The iShares MBS ETF (MBB) and the Vanguard Small-Cap Growth Index Fund ETF Shares (VBK) are both among the Top 100 ETFs. MBB is a iShares Intermediate Government fund and VBK is a Vanguard Small Growth fund. So, what’s the difference between MBB and VBK? And which fund is better?
The expense ratio of MBB is 0.01 percentage points lower than VBK’s (0.06% vs. 0.07%). MBB is mostly comprised of AAA bonds while VBK has a high exposure to the technology sector. Overall, MBB has provided lower returns than VBK over the past 11 years.
In this article, we’ll compare MBB vs. VBK. We’ll look at portfolio growth and risk metrics, as well as at their holdings and annual returns. Moreover, I’ll also discuss MBB’s and VBK’s industry exposure, fund composition, and performance and examine how these affect their overall returns.
|Name||iShares MBS ETF||Vanguard Small-Cap Growth Index Fund ETF Shares|
|Category||Intermediate Government||Small Growth|
The iShares MBS ETF (MBB) is a Intermediate Government fund that is issued by iShares. It currently has 25.69B total assets under management and has yielded an average annual return of 3.08% over the past 10 years. The fund has a dividend yield of 1.88% with an expense ratio of 0.06%.
The Vanguard Small-Cap Growth Index Fund ETF Shares (VBK) is a Small Growth fund that is issued by Vanguard. It currently has 37.89B total assets under management and has yielded an average annual return of 16.53% over the past 10 years. The fund has a dividend yield of 0.45% with an expense ratio of 0.07%.
MBB’s dividend yield is 1.43% higher than that of VBK (1.88% vs. 0.45%). Also, MBB yielded on average 13.45% less per year over the past decade (3.08% vs. 16.53%). The expense ratio of MBB is 0.01 percentage points lower than VBK’s (0.06% vs. 0.07%).
|MBB Bond Sectors||Weight|
MBB’s Top Bond Sectors are ratings of AAA, Others, Below B, B, and BB at 99.51%, 0.49%, 0.0%, 0.0%, and 0.0%. The fund is less weighted towards BBB (0.0%), A (0.0%), and AA (0.0%) rated bonds.
|Charles River Laboratories International Inc||0.78%|
|Fair Isaac Corp||0.57%|
|Bill.com Holdings Inc Ordinary Shares||0.56%|
VBK’s Top Holdings are Charles River Laboratories International Inc, Pool Corp, Bio-Techne Corp, Avantor Inc, and PerkinElmer Inc at 0.78%, 0.73%, 0.73%, 0.73%, and 0.72%.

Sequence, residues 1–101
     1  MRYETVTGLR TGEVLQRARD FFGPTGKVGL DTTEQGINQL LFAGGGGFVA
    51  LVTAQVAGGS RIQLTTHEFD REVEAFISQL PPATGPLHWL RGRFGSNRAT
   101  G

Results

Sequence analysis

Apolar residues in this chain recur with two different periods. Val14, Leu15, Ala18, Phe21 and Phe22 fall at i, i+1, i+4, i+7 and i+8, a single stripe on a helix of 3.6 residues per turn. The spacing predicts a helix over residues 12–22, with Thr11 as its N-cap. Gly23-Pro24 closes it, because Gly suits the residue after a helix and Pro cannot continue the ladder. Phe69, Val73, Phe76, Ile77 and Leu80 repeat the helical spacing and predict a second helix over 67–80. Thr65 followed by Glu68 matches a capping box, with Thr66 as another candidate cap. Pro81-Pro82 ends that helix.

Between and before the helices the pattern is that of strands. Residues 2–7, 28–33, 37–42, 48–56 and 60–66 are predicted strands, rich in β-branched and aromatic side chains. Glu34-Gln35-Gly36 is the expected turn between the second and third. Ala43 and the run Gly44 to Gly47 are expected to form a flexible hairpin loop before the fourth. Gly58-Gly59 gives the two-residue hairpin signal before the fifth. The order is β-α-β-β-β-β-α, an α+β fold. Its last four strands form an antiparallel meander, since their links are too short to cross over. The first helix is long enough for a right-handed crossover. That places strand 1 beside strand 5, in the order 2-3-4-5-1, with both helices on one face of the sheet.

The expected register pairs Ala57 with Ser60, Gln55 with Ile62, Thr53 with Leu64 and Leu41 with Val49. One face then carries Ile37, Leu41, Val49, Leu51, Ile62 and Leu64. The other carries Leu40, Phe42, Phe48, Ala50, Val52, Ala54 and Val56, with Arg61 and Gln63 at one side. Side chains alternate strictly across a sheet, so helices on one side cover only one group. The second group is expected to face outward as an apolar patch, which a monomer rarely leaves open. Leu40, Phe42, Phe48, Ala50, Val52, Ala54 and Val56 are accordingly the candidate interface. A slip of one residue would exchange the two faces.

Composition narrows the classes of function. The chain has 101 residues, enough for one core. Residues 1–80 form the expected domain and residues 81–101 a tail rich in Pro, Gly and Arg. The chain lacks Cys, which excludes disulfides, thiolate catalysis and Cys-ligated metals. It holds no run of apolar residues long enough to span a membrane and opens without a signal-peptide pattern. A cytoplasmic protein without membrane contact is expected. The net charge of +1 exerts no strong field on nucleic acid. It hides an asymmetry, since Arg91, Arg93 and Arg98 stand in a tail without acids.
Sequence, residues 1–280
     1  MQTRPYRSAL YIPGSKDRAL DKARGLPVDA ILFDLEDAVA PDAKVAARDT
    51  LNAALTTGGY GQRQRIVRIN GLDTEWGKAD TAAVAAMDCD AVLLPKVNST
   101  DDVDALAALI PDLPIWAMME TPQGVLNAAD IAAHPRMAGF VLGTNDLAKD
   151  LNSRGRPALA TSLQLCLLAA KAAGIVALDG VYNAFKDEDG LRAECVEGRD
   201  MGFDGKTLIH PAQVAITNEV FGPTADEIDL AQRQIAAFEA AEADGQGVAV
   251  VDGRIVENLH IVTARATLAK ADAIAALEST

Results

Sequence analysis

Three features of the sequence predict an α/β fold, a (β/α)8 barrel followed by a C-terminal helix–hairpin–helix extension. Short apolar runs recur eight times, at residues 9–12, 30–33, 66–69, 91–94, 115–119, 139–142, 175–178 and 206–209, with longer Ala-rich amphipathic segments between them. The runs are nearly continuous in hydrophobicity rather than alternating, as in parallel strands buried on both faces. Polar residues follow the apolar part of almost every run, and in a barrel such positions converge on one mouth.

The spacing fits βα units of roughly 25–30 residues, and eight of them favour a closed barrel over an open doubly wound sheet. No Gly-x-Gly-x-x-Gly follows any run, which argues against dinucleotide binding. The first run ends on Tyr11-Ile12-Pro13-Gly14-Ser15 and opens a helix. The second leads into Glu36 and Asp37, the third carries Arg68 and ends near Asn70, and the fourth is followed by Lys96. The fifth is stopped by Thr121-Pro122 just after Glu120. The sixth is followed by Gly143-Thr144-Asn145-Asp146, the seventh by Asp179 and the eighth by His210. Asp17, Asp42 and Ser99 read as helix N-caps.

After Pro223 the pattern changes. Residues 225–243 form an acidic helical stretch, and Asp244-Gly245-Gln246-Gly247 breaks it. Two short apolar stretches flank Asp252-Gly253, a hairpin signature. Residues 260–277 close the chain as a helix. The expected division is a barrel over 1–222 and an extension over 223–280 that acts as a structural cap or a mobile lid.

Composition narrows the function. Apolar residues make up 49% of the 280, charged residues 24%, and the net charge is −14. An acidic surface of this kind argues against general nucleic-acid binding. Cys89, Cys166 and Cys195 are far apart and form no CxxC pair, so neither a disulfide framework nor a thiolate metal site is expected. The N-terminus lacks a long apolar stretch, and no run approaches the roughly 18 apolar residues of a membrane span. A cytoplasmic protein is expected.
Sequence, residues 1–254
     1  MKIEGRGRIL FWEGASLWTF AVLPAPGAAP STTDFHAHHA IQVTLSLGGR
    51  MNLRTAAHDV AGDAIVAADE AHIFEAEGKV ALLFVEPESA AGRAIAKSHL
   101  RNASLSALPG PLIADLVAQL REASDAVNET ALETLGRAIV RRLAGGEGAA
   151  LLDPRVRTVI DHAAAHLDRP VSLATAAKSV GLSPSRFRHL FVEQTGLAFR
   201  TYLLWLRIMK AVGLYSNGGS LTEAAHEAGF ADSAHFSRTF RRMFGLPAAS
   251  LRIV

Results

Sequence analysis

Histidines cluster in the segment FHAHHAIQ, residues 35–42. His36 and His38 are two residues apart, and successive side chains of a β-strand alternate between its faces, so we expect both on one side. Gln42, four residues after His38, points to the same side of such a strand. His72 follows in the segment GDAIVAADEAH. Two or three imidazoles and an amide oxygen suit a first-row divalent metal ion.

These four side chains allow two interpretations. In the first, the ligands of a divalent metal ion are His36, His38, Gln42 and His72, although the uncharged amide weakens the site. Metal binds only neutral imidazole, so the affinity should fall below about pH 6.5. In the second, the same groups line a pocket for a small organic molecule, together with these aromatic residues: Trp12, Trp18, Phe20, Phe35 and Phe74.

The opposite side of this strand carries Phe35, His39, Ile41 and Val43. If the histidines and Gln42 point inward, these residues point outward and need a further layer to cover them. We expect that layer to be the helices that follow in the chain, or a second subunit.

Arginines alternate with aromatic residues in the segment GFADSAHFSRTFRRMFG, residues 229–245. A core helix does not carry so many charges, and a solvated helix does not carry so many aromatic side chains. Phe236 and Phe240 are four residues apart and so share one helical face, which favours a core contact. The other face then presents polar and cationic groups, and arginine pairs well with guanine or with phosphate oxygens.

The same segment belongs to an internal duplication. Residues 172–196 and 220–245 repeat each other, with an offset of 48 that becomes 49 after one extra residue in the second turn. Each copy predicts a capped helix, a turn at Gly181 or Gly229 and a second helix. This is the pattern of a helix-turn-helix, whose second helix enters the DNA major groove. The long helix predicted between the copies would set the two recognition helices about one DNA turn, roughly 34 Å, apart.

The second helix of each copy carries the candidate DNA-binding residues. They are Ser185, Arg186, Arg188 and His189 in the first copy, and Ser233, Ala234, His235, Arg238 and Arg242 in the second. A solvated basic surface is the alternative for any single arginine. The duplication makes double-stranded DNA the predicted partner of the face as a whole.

Entegris Inc (0.7%), PTC Inc (0.62%), and Fair Isaac Corp (0.57%) have a slightly smaller but still significant weight. Bill.com Holdings Inc Ordinary Shares and Avalara Inc are also represented in the VBK’s holdings at 0.56% and 0.55%.
The iShares MBS ETF (MBB) has a Treynor Ratio of 3.02 with a Sharpe Ratio of 0.87 and a R-squared of 74.38. Its Alpha is 0.14 while MBB’s Mean Return is 0.2. Furthermore, the fund has a Standard Deviation of 2.12 and a Beta of 0.6.
The Vanguard Small-Cap Growth Index Fund ETF Shares (VBK) has a Standard Deviation of 17.95 with a Alpha of -2.81 and a Sharpe Ratio of 0.78. Its Beta is 1.18 while VBK’s Treynor Ratio is 11.18. Furthermore, the fund has a R-squared of 80.56 and a Mean Return of 1.22.
MBB’s Mean Return is 1.02 points lower than that of VBK and its R-squared is 6.18 points lower. With a Standard Deviation of 2.12, MBB is slightly less volatile than VBK. The Alpha and Beta of MBB are 2.95 points higher and 0.58 points lower than VBK’s Alpha and Beta.
MBB had its best year in 2019 with an annual return of 6.27%. MBB’s worst year over the past decade yielded -1.92% and occurred in 2013. In most years the iShares MBS ETF provided moderate returns such as in 2012, 2017, and 2020 where annual returns amounted to 2.23%, 2.37%, and 4.03% respectively.
The year 2013 was the strongest year for VBK, returning 38.18% on an annual basis. The poorest year for VBK in the last ten years was 2018, with a yield of -5.68%. Most years the Vanguard Small-Cap Growth Index Fund ETF Shares has given investors modest returns, such as in 2016, 2012, and 2017, when gains were 10.74%, 17.67%, and 21.9% respectively.
|Fund||Initial Balance||Final Balance||CAGR|
A $10,000 investment in MBB would have resulted in a final balance of $13,906. This is a profit of $3,906 over 11 years and amounts to a compound annual growth rate (CAGR) of 3.08%.
With a $10,000 investment in VBK, the end total would have been $48,639. This equates to a $38,639 profit over 11 years and a compound annual growth rate (CAGR) of 16.53%.
MBB’s CAGR is 13.45 percentage points lower than that of VBK and as a result, would have yielded $34,733 less on a $10,000 investment. Thus, MBB performed worse than VBK by 13.45% annually.
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